Getting Defensive After the Ball Is in Play Some days, your team will run into pitchers who shut you down and make base hits as rare as winning lottery tickets. That’s just the nature of the game, and you can’t control it. However, what you do have control over is how your team handles its responsibilities in the field.


Part IV: Playing Sound Situational Baseball The kids who excel in the field don’t always have the strongest arms or the quickest feet. Sure, those abilities help, but one of the most underrated and important elements of good defensive play is preparation. A player should know what he’s going to do in every situation before it occurs, and then execute his responsibility after the ball is put in play. A fielder should ask himself questions about where he should be if the ball gets hit to left field, or what his role is if the ball gets knocked into right field, for example. Kids who know where they’re supposed to be as soon as the ball hits the bat will make it much more difficult for the opposing team to generate runs. The sections and diagrams that follow, which illustrate defensive movement and cutoff men, don’t really apply to T-ballers. These five- and six-year-olds usually all make a mad dash for every ball hit in play and end up in a big scrum fighting for the ball. With these guys, try to stress the concept that they should stick near their positions and field only the balls hit close to them. The only cutoff man you may want to use is an assistant coach to “cut off” any youngster who’s had too many post-game snacks! For the plays involving cutoffs, you want the cutoff man situated where he can receive the outfielder’s throw on the fly. Through lots of repetitions in practice, your infielders will get a good gauge of each outfielder’s arm and where they need to be positioned to receive throws from them. In the following sections, we outline the basic responsibilities of each player in the field on singles, doubles, triples, and dying pop ups to the shallow outfield. By reviewing these duties with your players, you’ll prepare them to know exactly what to do in any situation. A main theme you’ll notice in these sections is backing up other players. Backing up throws is one of the cornerstones of good — make that great — defensive play. If you can get your players in the habit of backing up their teammates, you can keep the damage caused by wild throws to a minimum. On the other hand, if you don’t emphasize this aspect of the game — and many coaches don’t give it the attention it deserves — you open the door for the opposition to run wild on throws that miss their marks. Here’s a quickie guide to the symbols and arrows in the diagrams in this section: 1B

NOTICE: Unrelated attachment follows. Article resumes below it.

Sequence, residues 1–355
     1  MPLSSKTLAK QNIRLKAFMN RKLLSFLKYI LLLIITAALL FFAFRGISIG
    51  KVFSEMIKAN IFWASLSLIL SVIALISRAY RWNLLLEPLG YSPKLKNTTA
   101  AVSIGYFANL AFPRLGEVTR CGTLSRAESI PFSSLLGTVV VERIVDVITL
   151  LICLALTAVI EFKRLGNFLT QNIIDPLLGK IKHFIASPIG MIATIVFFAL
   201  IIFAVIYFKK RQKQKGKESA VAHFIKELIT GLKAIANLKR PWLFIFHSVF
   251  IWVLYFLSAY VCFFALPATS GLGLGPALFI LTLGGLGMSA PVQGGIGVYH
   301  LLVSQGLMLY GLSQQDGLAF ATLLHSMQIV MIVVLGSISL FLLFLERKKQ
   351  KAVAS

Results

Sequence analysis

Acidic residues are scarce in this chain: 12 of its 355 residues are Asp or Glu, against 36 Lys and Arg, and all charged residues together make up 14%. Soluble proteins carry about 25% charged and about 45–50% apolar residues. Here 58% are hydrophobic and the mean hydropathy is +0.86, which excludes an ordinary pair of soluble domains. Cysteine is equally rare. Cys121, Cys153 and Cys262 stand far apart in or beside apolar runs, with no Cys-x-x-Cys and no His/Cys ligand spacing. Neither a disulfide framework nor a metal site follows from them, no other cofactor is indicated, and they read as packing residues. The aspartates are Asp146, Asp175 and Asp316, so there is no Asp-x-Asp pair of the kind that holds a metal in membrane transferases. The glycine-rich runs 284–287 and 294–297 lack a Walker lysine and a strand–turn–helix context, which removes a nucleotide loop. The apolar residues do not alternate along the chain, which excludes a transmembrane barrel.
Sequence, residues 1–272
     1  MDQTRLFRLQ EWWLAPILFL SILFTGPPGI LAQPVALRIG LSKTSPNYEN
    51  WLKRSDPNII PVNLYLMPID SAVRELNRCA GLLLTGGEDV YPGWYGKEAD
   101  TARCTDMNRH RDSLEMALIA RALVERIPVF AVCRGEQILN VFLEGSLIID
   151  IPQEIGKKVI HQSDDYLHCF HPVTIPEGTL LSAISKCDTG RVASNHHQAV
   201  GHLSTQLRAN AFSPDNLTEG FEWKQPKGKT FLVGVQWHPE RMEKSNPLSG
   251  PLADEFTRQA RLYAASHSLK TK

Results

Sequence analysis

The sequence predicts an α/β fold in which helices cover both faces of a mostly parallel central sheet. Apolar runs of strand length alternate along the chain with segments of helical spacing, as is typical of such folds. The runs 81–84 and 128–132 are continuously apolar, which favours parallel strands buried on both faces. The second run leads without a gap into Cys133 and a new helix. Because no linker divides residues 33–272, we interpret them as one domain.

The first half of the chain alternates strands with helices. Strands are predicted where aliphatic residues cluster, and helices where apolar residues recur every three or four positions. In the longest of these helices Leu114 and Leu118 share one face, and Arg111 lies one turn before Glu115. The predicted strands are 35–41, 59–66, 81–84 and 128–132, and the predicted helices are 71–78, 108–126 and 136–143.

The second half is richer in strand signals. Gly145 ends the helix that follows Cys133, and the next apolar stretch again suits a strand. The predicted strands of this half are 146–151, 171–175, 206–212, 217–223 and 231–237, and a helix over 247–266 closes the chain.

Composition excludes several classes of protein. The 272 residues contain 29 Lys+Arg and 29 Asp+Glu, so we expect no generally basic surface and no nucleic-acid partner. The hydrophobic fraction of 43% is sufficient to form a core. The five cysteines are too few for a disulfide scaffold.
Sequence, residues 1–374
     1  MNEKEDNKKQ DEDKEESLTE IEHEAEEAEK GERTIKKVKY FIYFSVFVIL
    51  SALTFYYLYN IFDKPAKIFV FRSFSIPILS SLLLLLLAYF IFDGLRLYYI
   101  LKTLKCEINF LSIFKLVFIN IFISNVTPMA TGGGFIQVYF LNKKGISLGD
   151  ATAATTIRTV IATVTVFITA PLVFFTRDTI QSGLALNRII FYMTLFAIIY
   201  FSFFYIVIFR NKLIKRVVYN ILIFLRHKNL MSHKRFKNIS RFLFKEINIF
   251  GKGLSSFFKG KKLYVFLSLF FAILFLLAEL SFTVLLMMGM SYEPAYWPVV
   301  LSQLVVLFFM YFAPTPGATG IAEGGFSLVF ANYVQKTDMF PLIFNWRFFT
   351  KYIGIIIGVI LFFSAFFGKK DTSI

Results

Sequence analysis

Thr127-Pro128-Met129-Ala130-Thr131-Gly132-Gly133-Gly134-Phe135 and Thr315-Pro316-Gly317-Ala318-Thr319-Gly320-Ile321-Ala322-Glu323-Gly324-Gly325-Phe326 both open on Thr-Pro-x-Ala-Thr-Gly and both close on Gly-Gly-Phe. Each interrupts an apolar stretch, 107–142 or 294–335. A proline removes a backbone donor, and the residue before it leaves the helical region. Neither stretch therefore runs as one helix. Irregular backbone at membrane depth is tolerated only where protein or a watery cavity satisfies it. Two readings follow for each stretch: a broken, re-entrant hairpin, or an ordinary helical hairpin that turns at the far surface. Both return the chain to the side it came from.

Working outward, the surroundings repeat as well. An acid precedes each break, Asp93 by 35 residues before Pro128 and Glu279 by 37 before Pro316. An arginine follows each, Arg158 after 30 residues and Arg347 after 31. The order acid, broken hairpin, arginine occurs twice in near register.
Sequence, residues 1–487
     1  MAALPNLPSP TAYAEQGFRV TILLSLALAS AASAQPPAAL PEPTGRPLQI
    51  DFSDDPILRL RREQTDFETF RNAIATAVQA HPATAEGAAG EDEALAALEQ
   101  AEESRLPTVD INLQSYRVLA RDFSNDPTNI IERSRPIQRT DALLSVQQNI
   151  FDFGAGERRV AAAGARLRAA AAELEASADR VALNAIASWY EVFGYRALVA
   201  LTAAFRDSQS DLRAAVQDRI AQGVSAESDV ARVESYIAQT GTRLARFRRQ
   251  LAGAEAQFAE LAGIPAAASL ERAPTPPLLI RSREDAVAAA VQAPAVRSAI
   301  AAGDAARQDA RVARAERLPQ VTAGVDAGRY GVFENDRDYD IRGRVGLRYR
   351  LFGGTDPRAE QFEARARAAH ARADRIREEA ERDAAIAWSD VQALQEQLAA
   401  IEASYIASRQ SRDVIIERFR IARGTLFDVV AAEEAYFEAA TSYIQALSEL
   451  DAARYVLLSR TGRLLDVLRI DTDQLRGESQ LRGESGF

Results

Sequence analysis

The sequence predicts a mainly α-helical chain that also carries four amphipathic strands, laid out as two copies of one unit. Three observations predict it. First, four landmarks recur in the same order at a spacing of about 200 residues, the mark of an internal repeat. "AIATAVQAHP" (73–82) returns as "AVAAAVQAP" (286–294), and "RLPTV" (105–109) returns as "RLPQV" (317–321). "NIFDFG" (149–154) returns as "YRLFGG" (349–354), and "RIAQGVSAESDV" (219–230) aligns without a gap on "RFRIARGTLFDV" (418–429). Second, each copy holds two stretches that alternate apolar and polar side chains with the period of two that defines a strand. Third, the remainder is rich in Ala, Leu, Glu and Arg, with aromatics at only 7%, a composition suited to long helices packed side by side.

First baseman


Second baseman


Third baseman



Chapter 15: Coaching Defense 101 LF

Left fielder


Center fielder


Right fielder






Path of batted ball

Path of player